The USASA/USYS/US Club/AYSO proposal simply changes the percentages for the Athletes from 20 to 33.3 percent of the vote.

Election of officers. Instead of simple majority vote, no matter how many candidates and no matter how many rounds it takes, both proposals call for two-thirds of the vote to be elected if there are three or more candidates. They formalize the elimination of the candidate with the lowest vote total after each round of balloting until there are only two candidates left, the winner then being the candidate with the majority of the vote.

Majority threshold votes. Instead of majority votes, both proposals call for 60 percent vote to sustain the board's decisions in certain situations: the change to a state association's boundaries and membership fees by both proposals and a complaint against a state association in the proposal offered by the USASA/USYS/US Club/AYSO group.

7 comments about "U.S. Soccer membership set to decide governance changes -- a look at the proposals".
  1. Bob Ashpole, October 16, 2021 at 12:42 a.m.

    No reform here it sounds like. The require is and has been for amateur athletes to participate. Not former athletes or professional athletes.

  2. Beau Dure replied, October 16, 2021 at 8:06 a.m.

    Bob, we've been through this. The definition of amateur in the Stevens Act includes all athletes who do or can represent their countries. It's archaic wording, yes, but that's how it is. 


  3. Bob Ashpole replied, October 19, 2021 at 4:54 p.m.

    Yes we have, the only exception to the requirement that amateur athletes be engaged in current amateur competitions is for individuals have represented the US in a past international amateur competition within the past 10 years. 

    The statute is clear and USSF carries current records of which athetes are amateur and which are professional. USSF also prohibits professional athletes from competing in amateur events.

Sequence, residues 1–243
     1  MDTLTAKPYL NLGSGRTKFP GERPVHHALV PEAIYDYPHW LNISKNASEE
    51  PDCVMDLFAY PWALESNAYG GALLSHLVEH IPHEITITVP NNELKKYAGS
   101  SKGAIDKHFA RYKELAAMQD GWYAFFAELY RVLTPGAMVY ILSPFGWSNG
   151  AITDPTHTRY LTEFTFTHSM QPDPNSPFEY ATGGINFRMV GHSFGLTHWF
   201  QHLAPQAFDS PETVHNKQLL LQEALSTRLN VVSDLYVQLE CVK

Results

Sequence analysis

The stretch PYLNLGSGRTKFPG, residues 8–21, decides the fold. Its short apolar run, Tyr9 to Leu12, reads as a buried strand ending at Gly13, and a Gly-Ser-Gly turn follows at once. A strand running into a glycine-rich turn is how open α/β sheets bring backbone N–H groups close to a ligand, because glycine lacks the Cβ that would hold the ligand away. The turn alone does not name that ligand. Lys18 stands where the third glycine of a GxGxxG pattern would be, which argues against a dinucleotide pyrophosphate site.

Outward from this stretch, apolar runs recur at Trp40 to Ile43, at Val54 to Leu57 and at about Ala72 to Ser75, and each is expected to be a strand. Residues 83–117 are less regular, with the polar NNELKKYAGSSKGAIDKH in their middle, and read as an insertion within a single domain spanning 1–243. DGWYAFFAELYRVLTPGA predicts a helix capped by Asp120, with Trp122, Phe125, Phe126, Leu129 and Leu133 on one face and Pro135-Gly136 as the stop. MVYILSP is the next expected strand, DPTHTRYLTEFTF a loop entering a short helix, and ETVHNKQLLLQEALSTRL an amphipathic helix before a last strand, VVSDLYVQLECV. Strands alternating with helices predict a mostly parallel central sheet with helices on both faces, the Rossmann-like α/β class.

While I agree that it makes some sense to interpret the Olympics competition as beinig an international amateur competition, even though it is not, USSF uses that as an excuse to open the door to counting all professional athletes and former professional athletes. In effect USSF shuts the amatuer athlete out of any meaningful role in its organization.

    USSF does not even meet the most fundamental reaquirement of having in its charter as an express objective the promotion of amateur soccer.   

  4. Wallace Wade, October 16, 2021 at 8:55 a.m.

    So, the definition is not accurate. No amateur representation then. More of the same charade and shell game. Got it.

  5. Richard Groff, October 16, 2021 at 3:40 p.m.

    The Task Force proposal has all major soccer organizations directly represented on the US Soccer Board of Directors. Opportunity to have a united vision to grow the sport.  Elite athletes with 33.3 percent of the leadership positions will have greater responsibilities to manage the issues challenging US Soccer.

  6. Bob Ashpole replied, October 19, 2021 at 4:57 p.m.

    USSF is a trade organization that is dedicated to the promotion of the soccer industry, both professional soccer and "pay-to-play" soccer, which is hardly for the benefit of the amateur athlete or their parents.

  7. Bob Ashpole replied, October 19, 2021 at 5:02 p.m.

    In case you don't understand, soccer organizations are not current individual amateur athletes and they never took the field in any amateur international match. A "representative" of an amateur--even a hundred of them--is not an amateur athlete either.